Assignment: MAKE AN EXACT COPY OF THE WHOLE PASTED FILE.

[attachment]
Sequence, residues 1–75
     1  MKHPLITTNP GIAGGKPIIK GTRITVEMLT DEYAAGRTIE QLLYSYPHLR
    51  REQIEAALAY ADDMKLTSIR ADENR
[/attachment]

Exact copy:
Sequence, residues 1–75
     1  MKHPLITTNP GIAGGKPIIK GTRITVEMLT DEYAAGRTIE QLLYSYPHLR
    51  REQIEAALAY ADDMKLTSIR ADENR